Mister R., bingo! When the blue collar jobs were the ones being thrown under the bus, the middle class was babbling horseradish about the wonderful new globalized economy, and how everybody (meaning, of course, everybody in their class) would prosper in it. Now it's the turn of the middle class to go under the bus, and the survivors of the old working class are not impressed by the screams of outrage.

The clown-car primary for which the strategically-incompetent Democrats are currently gearing up may be one reason the recall election might fail to oust Governor Scott Walker from office. But the main reason it could fail is that bitter, alienated working-class people could well turn out in droves to make sure that the ultimate fate of middle-class liberals gets tossed into the wood-chipper the way the fate of their class was tossed into the wood-chipper all those years ago. And it's not entirely undeserved, either.

I remember the Eighties and the Nineties, and the tacit subtext of socio-economic discussions amongst middle-class liberals back then was that laboring-class folk are not among The People Who Matter in the new exegesis of the age. And that has a lot to do with why so many working-class men tune in to right-wing talk-radio to hear Rush Limbaugh stroke their mad-on about upper-middle-class liberals. And why does one suppose that Republican wave-elections such as 2010 and 1994 are such tidal waves, whereas Democratic wave-elections such as 2006 and 2008 are more like municipal-swimming-pool-on-a-windy-day waves? There is an invisible class of dispossessed caucasians in this country who are the children of the rural underclass, and it is because these people feel so forgotten about that they can be counted on to put Republicans in office out of ignorance and spite when they bother to vote.

Without a doubt, putting Republicans in office will cause their lot to deteriorate more quickly. But their lot has been getting worse for so long with nobody really seeming to care that much that they figure it will get worse no matter what, so why not speed it up a bit in order to stick to the assholes who let them down? It's not a very rational line of thinking to be sure, but human nature just ain't rational. Never has been, never will be.

I guess that has a lot to do with my decision to just "let it all go and let it all die" if Scott Walker's tenure in the governor's mansion survives the recall. Sometimes you have to accept the fact that whatever is going to happen is simply going to happen and have peace over it.

For more insight into this phenomenon, here's a reworked version of editor and writer Mark Ames's classic Spite The Vote.

See also Chris Hedges on the death of the liberal class.

Wednesday, January 18, 2012


I urge the very tiny handful of people who might see this blog today to contact their Federal representative and Senators about these very fucked-up pieces of Internet-targeted legislation that are currently pending in Congress.

The Wisconsin recall effort

Recall organizers say they have more than one million signatures against Scott Walker.

State Dem Chair Mike Tate said the party would oppose any efforts by the Government Accountability Board to unnecessarily delay certifying an election. He also suggested the agency should certify an election once it counts the 540,208 valid signatures needed and could then finish going through the rest later.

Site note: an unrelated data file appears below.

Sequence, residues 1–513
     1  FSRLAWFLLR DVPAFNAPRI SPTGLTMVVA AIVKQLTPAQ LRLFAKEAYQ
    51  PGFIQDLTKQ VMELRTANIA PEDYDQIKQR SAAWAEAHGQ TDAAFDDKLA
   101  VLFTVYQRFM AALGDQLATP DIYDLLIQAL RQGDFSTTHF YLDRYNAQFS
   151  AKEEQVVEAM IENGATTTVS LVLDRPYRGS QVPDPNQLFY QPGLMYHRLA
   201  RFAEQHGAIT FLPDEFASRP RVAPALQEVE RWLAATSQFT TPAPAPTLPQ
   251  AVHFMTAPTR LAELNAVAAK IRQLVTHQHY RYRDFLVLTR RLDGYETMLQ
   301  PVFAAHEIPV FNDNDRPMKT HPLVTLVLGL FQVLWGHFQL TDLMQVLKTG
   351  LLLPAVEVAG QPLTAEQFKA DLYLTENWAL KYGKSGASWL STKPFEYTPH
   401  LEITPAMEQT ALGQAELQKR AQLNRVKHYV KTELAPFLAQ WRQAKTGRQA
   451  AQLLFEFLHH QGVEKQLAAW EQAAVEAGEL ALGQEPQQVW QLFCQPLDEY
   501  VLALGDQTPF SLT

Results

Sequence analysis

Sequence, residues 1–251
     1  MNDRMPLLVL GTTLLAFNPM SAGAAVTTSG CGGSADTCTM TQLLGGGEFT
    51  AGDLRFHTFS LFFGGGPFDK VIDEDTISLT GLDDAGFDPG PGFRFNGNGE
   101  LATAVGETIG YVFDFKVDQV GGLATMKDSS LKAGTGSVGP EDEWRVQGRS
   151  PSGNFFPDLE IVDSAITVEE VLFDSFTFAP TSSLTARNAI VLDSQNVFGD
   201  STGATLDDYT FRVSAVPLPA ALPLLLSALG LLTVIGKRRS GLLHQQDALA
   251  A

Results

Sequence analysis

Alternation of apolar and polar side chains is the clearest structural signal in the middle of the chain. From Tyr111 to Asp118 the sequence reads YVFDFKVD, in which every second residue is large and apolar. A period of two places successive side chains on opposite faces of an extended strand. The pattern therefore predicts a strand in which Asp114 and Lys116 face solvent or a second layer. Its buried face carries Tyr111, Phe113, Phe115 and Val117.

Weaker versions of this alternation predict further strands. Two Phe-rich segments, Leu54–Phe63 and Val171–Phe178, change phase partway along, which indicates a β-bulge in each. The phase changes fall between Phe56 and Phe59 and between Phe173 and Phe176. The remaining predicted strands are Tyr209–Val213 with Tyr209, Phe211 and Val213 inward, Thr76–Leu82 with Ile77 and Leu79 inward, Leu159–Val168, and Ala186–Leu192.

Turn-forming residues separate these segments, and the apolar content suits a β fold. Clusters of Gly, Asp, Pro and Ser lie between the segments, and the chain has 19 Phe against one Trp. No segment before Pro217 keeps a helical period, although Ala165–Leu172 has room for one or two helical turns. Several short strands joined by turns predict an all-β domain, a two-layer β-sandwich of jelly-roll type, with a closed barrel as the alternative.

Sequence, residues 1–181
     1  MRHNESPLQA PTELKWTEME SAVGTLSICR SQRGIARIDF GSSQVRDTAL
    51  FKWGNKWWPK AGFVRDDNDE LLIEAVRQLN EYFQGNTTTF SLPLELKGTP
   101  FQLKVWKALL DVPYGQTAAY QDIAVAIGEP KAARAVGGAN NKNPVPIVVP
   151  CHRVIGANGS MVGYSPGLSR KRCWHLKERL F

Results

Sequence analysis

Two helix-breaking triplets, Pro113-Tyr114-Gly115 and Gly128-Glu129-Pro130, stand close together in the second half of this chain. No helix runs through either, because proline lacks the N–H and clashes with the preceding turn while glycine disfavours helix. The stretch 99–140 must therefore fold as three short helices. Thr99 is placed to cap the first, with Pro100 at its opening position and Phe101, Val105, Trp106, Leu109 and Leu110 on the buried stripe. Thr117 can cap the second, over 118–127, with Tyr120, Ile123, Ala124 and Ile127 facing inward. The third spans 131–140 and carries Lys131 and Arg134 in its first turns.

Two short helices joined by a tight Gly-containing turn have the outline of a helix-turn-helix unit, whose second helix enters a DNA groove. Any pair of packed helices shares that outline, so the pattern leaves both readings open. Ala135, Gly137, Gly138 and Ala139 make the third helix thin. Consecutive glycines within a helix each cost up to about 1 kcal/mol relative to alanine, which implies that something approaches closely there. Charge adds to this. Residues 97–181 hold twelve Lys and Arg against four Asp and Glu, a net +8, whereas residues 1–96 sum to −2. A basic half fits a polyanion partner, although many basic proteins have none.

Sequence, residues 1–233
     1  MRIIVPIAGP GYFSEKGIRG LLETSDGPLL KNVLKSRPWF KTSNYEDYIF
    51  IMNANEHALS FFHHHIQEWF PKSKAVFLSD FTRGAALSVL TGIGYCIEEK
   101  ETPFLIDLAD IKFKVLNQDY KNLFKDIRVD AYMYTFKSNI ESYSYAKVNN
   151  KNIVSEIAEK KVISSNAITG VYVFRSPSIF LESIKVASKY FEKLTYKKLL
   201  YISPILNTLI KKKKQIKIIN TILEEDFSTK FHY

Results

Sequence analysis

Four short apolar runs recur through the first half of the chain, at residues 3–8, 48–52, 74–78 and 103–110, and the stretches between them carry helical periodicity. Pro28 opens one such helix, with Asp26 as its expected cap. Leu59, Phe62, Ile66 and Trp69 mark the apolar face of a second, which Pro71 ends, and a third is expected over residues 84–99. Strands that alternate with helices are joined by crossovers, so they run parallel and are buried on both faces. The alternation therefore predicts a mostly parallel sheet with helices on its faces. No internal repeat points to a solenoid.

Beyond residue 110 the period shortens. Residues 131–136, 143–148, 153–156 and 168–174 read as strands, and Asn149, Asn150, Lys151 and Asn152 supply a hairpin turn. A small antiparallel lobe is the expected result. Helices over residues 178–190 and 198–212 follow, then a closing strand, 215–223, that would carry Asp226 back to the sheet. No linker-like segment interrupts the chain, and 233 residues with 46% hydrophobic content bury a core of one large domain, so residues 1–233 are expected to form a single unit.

“We clearly believe there is no challenge, legal or otherwise, that would prevent the recalls from going forward,” Tate said.

Tate said the party did not have exact numbers because signatures continued to roll in this morning. But he said in addition to the more than 1 million against Walker, recall organizers had more than 845,000 against Lt. Gov. Rebecca Kleefisch, more than 21,000 against state Sen. Terry Moulton of Chippewa Falls, more than 21,000 against state Sen. Pam Galloway of Wausau and more than 24,000 against Van Wanggaard of Racine.

Saturday, January 14, 2012

A band I would have loved back in the day had I known of them

The drummer is smokin' hot. Or was, as that hard-rocker lifestyle may have taken its toll on him all these years later!

Wednesday, January 11, 2012

Evolving philosophy of life (A rewrite of something earlier I decided to scrub)

My fundamental premise remains that we live in a shit-encrusted write-off of a society. But if other people want to codependently cling to false hope about it, one should just let them do that and not get all hot and bothered or need to act out about it. For one thing, if other people are being codependent, you're not going to disabuse them of that because a cardinal characteristic of codependency is clinging to something that doesn't really work with a white-knuckled death-grip. For another thing, if you feel you should be giving other people attitude because they are supposedly being codependent, then it is you who is being codependent, and that is that codependency you need to be trying to change. You need to be taking care of your own business and not using what other people are being, doing, or having as an excuse to behave foolishly. This really should be "no-duh" stuff, but if you live in a society that does its level-best to drive you insane every day, then you need to make a point of reminding yourself of "no-duh" stuff such as this every day.

Besides, if whatever is going to happen is going to happen regardless of what we do, then why get all worked up over things that are not your concern or that you certainly can't change? Your priority needs to be working on your own spiritual life in such a situation. As I've said before, there is no thought more truly despairing than believing that your life lacks all meaning if you can't change situations or people in the dysfunctional society in which you live.